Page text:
Long Weekend: Benzie County, Michigan

When size <i>doesn’t</i> matter, these small towns win.

Michigan has always been larger than life—from Ford to Ted Nugent, from Sleeping Bear Dunes to that extra piece it swears isn’t Canada. The Mitten State’s tendency to go big isn’t a secret, and Benzie County—a collection of quaint towns on the state’s western coast, south of Traverse City—is no exception. Although it’s the smallest county in Michigan, it makes up for its lack of land with enough breathtaking views, brisk lakes, and good food to put it right up there with the biggest and best Michigan has to offer (see: Bob Seger).

Pack and Play
Layers are a Michigan must. Coat, sweater, hoodie—whatever your preference, your style should be warm. Bring a good camera to capture the leaves and sunglasses to protect the peepers from the sun reflecting off the water.

The drive is roughly eight hours and the majority of it takes place on I-75. This is good news for those who like a straight shot, bad news for people who dislike endless construction. You’re going to want to put on some Motown to get you in the Michigan mood—and through Toledo. But fear not: The last hour and a half on the road is two lanes of pure wilderness on M-115, making up for the other six in spades.

Where to stay when you get there? Nestled right on Crystal Lake and surrounded by Benzie’s finest foliage, Three Pines has five kitschy cabins to choose from with access to a private beach. It provides all of the benefits of seclusion while still being only a five-minute drive from Frankfort’s main strip and 15 minutes from neighboring Beulah. crystalvacationrentals.com

Food-Finding Mission
Breakfasting: Located in the heart of the coastal town of Frankfort, Crescent Bakery is the perfect way to start your morning, especially if your definition of perfection is coffee with a side of bear claw. Of note: The one-room bakery has splashes of UK decor, so Newport and Covington folks won’t feel far from home.

Dining: Don’t be put off by the fact that Manitou Restaurant is a cabin set deep in the woods near Honor, Michigan. Kick off the night with some frog legs and keep it going with anything from the “Great Lakes” portion of the menu: Fresh Lake Michigan whitefish, “Nutty” trout, or the lake perch—the holy trinity of freshwater fish. themanitourestaurant.com

Drinking: A Petoskey stone’s throw from the Frankfort pier, Stormcloud Brewing Company is a new addition to a seldom-changed scene. Relax with their flagship Rainmaker Ale, an award-winning Belgian pale ale, and an appetizer. They even offer a “Hey! I’m Special!” menu for those who prefer seasonal or small-batch craft beer. stormcloudbrewing.com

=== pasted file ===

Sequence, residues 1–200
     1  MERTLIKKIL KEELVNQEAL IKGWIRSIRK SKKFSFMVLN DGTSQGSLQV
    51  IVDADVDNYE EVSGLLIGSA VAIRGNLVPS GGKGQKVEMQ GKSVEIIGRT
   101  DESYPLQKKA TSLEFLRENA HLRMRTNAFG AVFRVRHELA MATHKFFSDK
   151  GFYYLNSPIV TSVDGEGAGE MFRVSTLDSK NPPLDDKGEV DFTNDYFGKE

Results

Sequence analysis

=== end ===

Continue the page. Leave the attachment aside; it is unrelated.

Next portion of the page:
Photograph Courtesy Stormcloud Brewing Company
Photograph Courtesy Stormcloud Brewing Company

Indulging: The Cherry Hut is a Benzie County staple. It first opened in 1922 and has been dishing out pies filled with the state’s signature cherries ever since. Cap off the night with a slice (or, pending your week, an entire pie) accompanied by vanilla ice cream.

Sites to See
A few miles north of Frankfort up M-115, Point Betsie (with the county’s landmark lighthouse) is the archetypal Lake Michigan beach, fit for watching the sun coming up or going down while you skip rocks into the water. Sunrises are good for seclusion-seekers, while sunsets are more crowded, but still enjoyable.

If you want something more active, put on some sturdy shoes and get ready to spend the next few hours inside what might as well be an L.L. Bean photo shoot: The 22-mile Betsie Valley Trail extends from Frankfort to Thompsonville (through Beulah), and is your access point for biking, hiking, and taking in the fall up north in all its glory.

Photograph by Carol Kraak
Photograph by Carol Kraak

CM_NOV15_RADAR_ESCAPE_MI4Side Trip: Ann Arbor
Before you start singing “Hang On Sloopy” in protest, hear us out. Ann Arbor is home to much more than the University-That-Shall-Not-Be-Named. Situated about halfway between Cincinnati and Benzie County, that puts it in prime position for a very important thing—lunch. Plus, the city has plenty of attractions to make you forget you still have four hours left behind the wheel. Leave home in the morning so you have an excuse to visit Zingerman’s Deli and sit down for their renowned Reuben. Work off your trip to sandwich heaven with a visit to the Hands-On Museum: Its 250 tactile, discipline-spanning exhibits dedicated to science and exploration provide a great break, especially if you’re traveling with kids. But don’t spend too much time in Ann Arbor: You might fall in love with it and have to have a really uncomfortable talk with Columbus.

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